3. Be Willing to Sit with Your Teen

If you’ve done numbers one and two, then hopefully this one will feel natural.

Sitting with your teen means being with them where they are.

Are they over the moon about turning in late assignments and passing a class this semester?  Celebrate with them and congratulate them on working hard and proving to themselves they could do it.

Are they struggling because their best friend has a significant other now and has less time to spend with them?  Name the emotion of loneliness or jealous and share a time you experienced those too.

Are they having to deal with the natural consequences of doing the right thing or a choice they made?  Acknowledge how much it stinks sometimes to make good choices or accept the consequences of our actions.

Be with them in the joy and be with them in the pain.

Find some small thing you can do to help them know you’re there.  It could be making a cup of tea or their favorite snack.  It could be playing a game together or watching a show.  Spend some time sitting with them and giving them permission to sit with themself.  This is a gift that will keep on giving throughout their life.

4.  Be Willing to Change as the Parent

This one’s hard.  Dan Siegel, M.D. and Mary Hartzell M.Ed. wrote a book called, Parenting from the Inside Out.  The book is about how our early life experiences impact us and shape the way we parent.  I believe it’s a must read, because so often parents unconsciously act out their own histories in the present day.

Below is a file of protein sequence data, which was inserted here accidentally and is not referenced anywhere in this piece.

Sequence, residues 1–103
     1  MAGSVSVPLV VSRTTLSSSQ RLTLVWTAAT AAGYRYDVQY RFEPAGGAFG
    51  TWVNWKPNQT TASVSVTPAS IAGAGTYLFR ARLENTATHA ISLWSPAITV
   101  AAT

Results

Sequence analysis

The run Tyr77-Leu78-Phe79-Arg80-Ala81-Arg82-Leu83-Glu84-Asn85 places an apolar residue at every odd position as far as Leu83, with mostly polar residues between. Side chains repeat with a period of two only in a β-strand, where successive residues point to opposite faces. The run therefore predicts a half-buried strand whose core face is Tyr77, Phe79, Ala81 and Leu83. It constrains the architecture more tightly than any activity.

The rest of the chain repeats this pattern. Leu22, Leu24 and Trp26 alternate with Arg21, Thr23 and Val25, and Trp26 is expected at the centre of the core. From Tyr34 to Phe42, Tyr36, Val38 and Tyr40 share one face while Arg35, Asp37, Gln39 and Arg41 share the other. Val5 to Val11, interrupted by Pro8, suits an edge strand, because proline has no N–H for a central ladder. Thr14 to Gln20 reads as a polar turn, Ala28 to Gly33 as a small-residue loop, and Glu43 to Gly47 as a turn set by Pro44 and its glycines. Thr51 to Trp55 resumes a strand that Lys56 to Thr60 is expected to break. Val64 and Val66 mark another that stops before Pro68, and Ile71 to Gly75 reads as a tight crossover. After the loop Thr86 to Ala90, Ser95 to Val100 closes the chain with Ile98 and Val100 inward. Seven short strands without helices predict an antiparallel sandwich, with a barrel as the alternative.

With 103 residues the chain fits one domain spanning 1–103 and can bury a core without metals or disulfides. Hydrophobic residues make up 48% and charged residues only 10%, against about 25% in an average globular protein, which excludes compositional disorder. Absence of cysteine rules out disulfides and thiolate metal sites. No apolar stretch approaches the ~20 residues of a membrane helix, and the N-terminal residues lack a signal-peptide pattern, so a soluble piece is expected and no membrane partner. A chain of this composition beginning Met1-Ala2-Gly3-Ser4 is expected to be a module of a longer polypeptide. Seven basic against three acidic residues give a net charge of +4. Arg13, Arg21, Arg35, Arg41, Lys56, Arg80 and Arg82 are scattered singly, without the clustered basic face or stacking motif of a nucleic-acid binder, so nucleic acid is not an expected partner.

It’s not easy to change.  I know this.

It takes a lot, especially in a world where parents work more, devices distract us from connection, and we’re more stressed than ever: financially, health-wise, and living through a global pandemic for years.

You are the adult, and it is your responsibility to continue to do better for your child each and every week.

Teenagers don’t outgrow needing a parent.  They just need parenting to look a little differently.  The more you are willing to work on yourself, the more you are modeling healthy change and growth for your teen.

Parenting is a long game activity, especially in the teen years, and if you want your teen when they’re thirty years old to still have a relationship with you and be connected to you, then what you do today does matter.

And the way that you connect with them today and the way you see who they are and show up for and with them matters.

Rather than spending your energy to shape them into who you want them to be (the clay model of parenting), rather than being willful, being willing to accept who they are and discover who they are with them (the archeological model of parenting) is a big deal.

Is there a place you could create a little more ease in your relationship with your teen?

Are there tender topics where you’re holding on with both fists clenched and instead you could release your grip and turn your palms face up and be a little more willing?

From my experience, willful parenting just isn’t effective these days.  It chokes a teen’s spirit and creates resentment in relationships.  I don’t want that for you and your teen.

So what could you do to be a little more willing to be with your teen, where they’re at today?

Are you struggling in your relationship with your teen?  Do you need some support to navigate this season of life together?

Sometimes I help unhappy, withdrawn teens find joy and confidence from within by supporting their parents first.  If you’re needing a safe space to talk about your parenting journey, reach out today.

Call me for a FREE 15-minute consultation at 737-808-4888 or send me a message using the secure contact form.  Working on yourself is the first step to having a positive, enduring relationship with your teen today and in the future.